The attack was swift and brutal. George was shot in the back three times trying to escape. The others quickly surrendered and watched as the raiders stripped the dwellings of all worthwhile items and tossed George's body inside the house. The rest of the family were pushed aside as the house was torched. Those who lived to tell the tale said that while the house burned the warriors wrenched four infants away from their mothers and hung them in trees and held a marksmanship contest untill all the babies had been shot dead. Then they set fire to the stables killing the sheep and calves, after which they rounded up forty eight prisoners, including George's wife, five daughters and one son.

Later that night one of the sons of George who had hidden, crept out under cover of darkness and, a long with a neighbor boy, ran barefoot in shirt and trousers fifteen miles to the nearest fort, Fort Keller for aid. The Fort dispatched a small party to rescue but when they learned the size of the raiding party, turned around and fled.

The Painter children and neighbors were led by the captors over the mountains out of Virginia. They walked for six days to reach their captors' village in the Ohio territory. On arrival one of the boys was tortured to death. Mrs. Painter and her children were kept in captivity three years. In 1760 all but three daughters were released. It was said that one of the women returned with an infant son, conceived with a 'distinguished chief.' Of the Painter women who stayed with the tribe in Ohio, one was the youngest, Mary, who was nine years old. Fifteen years later 24-year-old Mary finally returned to virginia after eighteen years of captivity./p>

The sons of George went to live with their uncle Mathias in Timberville and when the youngest son, Adam returned from captivity he went to live with kinfolk in Timberville also. The Painter home and barn was rebuilt of stone and named Fort Painter. A stone dwelling and barn replaced the log structures. The buildings were inter-connected and fortified. See reference (3)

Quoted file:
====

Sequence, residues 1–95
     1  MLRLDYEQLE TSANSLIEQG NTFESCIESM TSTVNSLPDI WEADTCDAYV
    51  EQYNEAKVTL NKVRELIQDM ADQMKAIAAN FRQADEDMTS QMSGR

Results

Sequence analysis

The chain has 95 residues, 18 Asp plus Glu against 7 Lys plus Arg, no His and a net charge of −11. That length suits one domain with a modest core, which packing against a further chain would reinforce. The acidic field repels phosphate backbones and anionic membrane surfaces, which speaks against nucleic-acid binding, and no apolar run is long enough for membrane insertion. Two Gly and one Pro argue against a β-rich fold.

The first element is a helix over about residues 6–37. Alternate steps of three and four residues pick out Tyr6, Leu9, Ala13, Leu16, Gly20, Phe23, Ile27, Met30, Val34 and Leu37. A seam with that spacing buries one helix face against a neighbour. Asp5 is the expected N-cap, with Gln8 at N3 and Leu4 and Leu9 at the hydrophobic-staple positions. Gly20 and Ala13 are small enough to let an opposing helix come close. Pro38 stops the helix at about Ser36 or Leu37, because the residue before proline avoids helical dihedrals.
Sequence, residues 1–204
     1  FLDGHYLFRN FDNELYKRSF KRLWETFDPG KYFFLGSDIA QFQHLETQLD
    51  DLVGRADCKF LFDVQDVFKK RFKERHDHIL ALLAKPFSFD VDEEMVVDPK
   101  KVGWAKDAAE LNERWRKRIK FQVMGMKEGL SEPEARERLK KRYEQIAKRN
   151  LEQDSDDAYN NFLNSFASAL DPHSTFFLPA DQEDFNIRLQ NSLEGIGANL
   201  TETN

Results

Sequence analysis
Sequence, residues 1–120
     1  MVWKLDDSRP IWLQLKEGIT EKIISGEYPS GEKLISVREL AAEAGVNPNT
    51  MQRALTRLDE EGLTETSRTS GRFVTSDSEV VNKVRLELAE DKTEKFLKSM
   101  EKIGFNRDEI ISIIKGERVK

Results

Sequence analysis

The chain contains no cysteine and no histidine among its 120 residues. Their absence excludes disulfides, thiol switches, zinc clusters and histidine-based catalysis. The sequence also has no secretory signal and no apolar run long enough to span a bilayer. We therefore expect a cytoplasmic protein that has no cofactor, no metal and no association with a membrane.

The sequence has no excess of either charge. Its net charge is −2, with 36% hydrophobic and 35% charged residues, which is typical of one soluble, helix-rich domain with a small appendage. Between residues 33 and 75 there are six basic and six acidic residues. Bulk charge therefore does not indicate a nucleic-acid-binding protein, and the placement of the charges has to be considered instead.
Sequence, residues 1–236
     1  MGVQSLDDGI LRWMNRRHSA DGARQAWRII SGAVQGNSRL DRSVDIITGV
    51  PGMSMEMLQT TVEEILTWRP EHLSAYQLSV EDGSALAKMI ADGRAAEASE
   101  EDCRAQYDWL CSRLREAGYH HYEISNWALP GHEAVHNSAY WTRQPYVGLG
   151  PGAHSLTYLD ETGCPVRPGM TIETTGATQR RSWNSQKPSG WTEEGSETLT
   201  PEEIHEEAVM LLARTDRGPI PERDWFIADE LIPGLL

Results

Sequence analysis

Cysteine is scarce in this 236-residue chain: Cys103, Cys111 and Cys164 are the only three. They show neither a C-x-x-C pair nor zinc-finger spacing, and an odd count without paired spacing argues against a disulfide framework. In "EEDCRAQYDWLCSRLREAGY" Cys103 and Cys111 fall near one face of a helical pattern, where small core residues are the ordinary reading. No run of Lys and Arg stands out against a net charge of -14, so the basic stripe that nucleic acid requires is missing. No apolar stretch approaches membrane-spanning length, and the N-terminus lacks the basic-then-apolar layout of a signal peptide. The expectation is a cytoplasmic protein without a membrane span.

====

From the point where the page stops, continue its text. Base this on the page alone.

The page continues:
The Painter family nevertheless survived and grew. Along with cousins in Timberville and those who migrated south to Botetourt County, many became pioneers in Ohio after the Revolution.


Estate Records of John Painter

Michael Henline, Jacob Helsley and Jacob Pitzer, on 23 Jun 1770, took inventory of John Painter's personal estate. Following is a verbatim copy of their inventories.
June 23rd Anno Domine 1770
Note these Articles was sold before the appraisement
To some grain in the ground sold in the time of the Indian War thro fear .for £1- 0-0
To a lot of Iron teeth for a harrow 1- 3- 0
To 1 Double Barrel 0- 3-6
To 1 Skimmer 0-26
To 1 Lame Mare & Two hogs 4-10-0
To 2 Hogs 0-15-0
To 1 Hog £6..to 2 Roan Colts £6 12- 0-0
To 2 old Mares £3 3- 0-0
To 1 Roan Colt 2 years old 4- 0-0
To 6 headof cattle 10- 0-0
To 2 cows, 5-10-0
To 3 head of cattle 5-10-0
To 1 yearlingcalf 0-13-0
To 1 cow 2-10-0
To 1 cow & calf 3- 0-0
To 1 share and colter 0- 6-0
Total £ 54- 3-0


By an order of the Court held for Frederick County in Virginia in April 1769 We the appraisers have appraised the Remainder of the Estate of John Painter dec'd this 23rd day of June 1770.
1 old waggon £4-0-0
To 3 pair of hinges & a latch 0- 8- 0
To 1 pr. of traces & a lock chain 1- 4- 0
To 1 ax and 1 adz 0- 7- 0
To 2 Weeding hoes 0- 5- 0
To a Parcel of old Iron 0- 5- 6
To 2 Dung forks 0- 5- 0
To a Parcel of old Iron 0- 4- 0
To 1 old ax 1 old Tubing hoe & 1 old bell 0- 7- 6
To 2 old devises 0- 5- 6
To 1 pair of pot hooks 0- 1- 0
Total £ 7-13- 0
Signed: Michael Henline
his
Jacob H Helsley
mark
Jacob Pitzer


Sources

Familysearch submissions
Shenandoah County Records